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Botrytis

Botrytis


Botrytis

Botrytis is a plant disease caused by a fungus called 'Botrytis cinerea'. The disease causes extensive damage to various crops, but especially to the vine and sometimes even to citrus fruits. It is a very serious phytopathology due to the high resistance of the fungus to antifungal treatments used for both curative and preventive purposes. The disease is also called gray mold or gray rot, due to the coloring assumed by the affected plant parts. Sometimes, this disease is also made dangerous by the poor preparation of farmers who find themselves fighting against an enemy they have never faced before. In some areas, in fact, the botrytis it appeared only recently and this determines the little knowledge of the growers on the interventions to be adopted to combat it. With the right growing techniques and proper care, contain the attacks of botrytis o definitively defeating the fungus is always possible.


Features

Botrytis, as already mentioned in the previous paragraph, is a fungal disease caused by the fungus “Botrytis cinerea”. This pathogen has a high resistance to fungicides due to its high adaptability to the environment in which it develops. The fungus reproduces asexually, through structures called "conidiophores", structures that have branches similar to those of trees. Conidifiers release spores on plants, where the new generations of the fungus will overwinter and where the disease will manifest itself. During the winter months, the pathogen protects itself in the form of mycelium, while in older crops it assumes forms called "sclerotia", hard spheres where the fungus is able to resist adversity. In spring, with the transport of pollen by the wind, the spores are deposited on the plants causing the infection known as botrytis or gray mold.


Plants affected

Botrytis can affect various plants, including strawberries and tomatoes, but in our areas it is more of a vine and citrus fruit. The latter have only recently been affected by the disease. In 2006, a botrytis infection was reported in citrus fruits in Sardinia. On the other hand, cases of botrytis in the vine are more common, so much so that we often speak of botrytis or gray mold of the vine. In this plant, the disease affects the bunch of grapes, while in citrus fruits it can also occur on the leaves of the tree. The conditions that favor the attack of botrytis are sudden climatic variations and prolonged humidity. In this case there are traces of gray mold on the ripening fruits, which fall prematurely. In the case of hot and dry climates, however, botrytis can cause the so-called noble rot. It is a less harmful mold than the gray one, mold that also settles on ripe and already dry berries. Noble rot causes the production of sugary substances that mix with those already present in grapes. The dried berries (raisins) affected by noble rot are, in fact, used to produce a very sweet white wine. The noble rot is favored by the morning dew that settles on the plants in the summer months.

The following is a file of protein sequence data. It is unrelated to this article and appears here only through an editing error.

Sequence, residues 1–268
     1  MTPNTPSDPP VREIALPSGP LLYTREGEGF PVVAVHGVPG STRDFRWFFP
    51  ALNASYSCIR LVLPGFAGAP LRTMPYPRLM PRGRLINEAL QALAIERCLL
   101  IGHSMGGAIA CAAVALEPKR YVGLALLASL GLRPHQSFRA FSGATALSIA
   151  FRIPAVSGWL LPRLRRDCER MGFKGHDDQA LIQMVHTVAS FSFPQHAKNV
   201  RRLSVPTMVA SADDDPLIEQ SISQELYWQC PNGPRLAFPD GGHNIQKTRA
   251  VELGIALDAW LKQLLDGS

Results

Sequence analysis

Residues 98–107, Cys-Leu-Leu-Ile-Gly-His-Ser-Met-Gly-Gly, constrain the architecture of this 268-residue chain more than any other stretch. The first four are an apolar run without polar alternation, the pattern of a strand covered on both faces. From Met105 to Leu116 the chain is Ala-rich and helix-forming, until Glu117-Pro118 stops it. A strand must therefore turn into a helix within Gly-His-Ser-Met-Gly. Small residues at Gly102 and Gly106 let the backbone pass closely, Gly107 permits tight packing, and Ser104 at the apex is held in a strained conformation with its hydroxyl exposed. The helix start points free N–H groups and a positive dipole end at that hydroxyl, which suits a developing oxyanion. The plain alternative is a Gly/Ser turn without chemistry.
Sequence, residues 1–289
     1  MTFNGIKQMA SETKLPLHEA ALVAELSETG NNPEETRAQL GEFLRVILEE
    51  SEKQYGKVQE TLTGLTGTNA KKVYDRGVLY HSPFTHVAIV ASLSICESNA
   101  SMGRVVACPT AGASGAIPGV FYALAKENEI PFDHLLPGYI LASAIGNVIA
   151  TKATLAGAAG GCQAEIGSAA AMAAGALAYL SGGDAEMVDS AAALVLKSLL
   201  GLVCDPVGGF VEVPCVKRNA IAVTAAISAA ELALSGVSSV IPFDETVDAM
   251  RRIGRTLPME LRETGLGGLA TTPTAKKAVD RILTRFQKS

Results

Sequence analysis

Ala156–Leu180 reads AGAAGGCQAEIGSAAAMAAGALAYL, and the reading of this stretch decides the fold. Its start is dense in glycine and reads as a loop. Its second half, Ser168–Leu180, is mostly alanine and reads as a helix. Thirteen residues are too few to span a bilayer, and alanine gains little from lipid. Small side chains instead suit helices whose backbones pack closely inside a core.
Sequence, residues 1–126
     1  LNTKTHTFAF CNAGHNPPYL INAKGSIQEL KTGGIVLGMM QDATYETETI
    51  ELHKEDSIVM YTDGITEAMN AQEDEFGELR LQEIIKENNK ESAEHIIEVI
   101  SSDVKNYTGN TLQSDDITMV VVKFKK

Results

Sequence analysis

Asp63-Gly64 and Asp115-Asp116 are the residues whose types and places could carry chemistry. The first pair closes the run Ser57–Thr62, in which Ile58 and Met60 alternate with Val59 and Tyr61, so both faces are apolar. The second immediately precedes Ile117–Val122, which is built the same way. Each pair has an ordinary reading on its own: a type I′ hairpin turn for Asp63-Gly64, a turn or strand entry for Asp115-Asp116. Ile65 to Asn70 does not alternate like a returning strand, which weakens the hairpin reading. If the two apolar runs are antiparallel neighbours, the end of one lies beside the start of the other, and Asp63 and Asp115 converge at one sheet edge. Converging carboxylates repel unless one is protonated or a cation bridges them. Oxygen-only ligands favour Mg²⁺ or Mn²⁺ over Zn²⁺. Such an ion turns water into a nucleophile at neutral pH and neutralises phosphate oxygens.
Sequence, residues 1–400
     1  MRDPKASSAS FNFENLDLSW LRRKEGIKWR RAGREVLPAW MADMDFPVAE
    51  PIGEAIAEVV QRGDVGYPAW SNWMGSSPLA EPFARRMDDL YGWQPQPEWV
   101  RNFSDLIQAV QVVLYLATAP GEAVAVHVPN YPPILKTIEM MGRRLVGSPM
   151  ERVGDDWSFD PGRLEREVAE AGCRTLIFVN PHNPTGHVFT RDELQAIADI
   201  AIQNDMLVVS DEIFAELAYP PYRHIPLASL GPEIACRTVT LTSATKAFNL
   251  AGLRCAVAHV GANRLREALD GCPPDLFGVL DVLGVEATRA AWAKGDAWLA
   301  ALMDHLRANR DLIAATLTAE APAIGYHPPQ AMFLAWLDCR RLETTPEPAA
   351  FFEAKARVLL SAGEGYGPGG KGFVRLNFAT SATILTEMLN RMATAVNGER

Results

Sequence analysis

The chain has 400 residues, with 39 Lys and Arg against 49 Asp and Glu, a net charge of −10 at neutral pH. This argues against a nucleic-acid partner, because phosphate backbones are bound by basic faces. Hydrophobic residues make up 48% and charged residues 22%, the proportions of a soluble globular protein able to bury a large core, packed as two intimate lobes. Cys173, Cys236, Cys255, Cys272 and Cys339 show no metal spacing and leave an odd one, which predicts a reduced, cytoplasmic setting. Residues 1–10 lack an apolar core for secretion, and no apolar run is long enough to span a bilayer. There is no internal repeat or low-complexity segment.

Prevention

Botrytis is prevented by avoiding all humidity and temperature conditions that favor the wintering of the fungus. In greenhouse crops, for example, an attempt is made to create extremely dry and dry microclimates, to prevent the fungus from reproducing and releasing new spores. Preventive treatments also include the practice of immediately eliminating damaged or cracked berries. Cuts and cracks in the vine, perhaps caused by pruning, must not remain unprotected for long, because there is a risk of penetrating the reproductive structures of the fungus (spores). The prevention of botrytis can also be carried out with antifungal products that must be applied in the closing phase of the bunch, that is when the berries are visible but not yet ripe. In this phase it is easier to control the attacks of botrytis, because the fungus prefers the ripening phase and is not able to adapt to already treated berries. The preventive operation, on the other hand, is useless in the ripening phase, because the fungus is able to perfectly resist the action of antifungals.


Botrytis: Fight

The fight against botrytis is carried out essentially with chemicals. Currently an antifungal called “Zignal”, based on fluazinam, is used. This compound is specific for botrytis, but can also be used to combat potato phytophtora. The product contains a concentrated suspension of five hundred grams of fluazinam, to be dissolved in one liter of water. The dose of use is one liter, maximum one and a half liters of solution per hectare. Make sure to cover the parts of the plant subject to infection. If the product is applied for curative purposes, it is necessary to wait for an interval of twenty-eight days between one application and another. Fluazinam, like all fungicides, leaves residues on the treated plants, but these are few traces that fall within the limits set by the legislation. According to its producers, the product does not appear to have toxic effects on the alcoholic fermentation of the grapes and on the organoleptic properties of the wine. Instead, the biological fight against botrytis is carried out using an antagonist fungus: Trichoderma harzianum.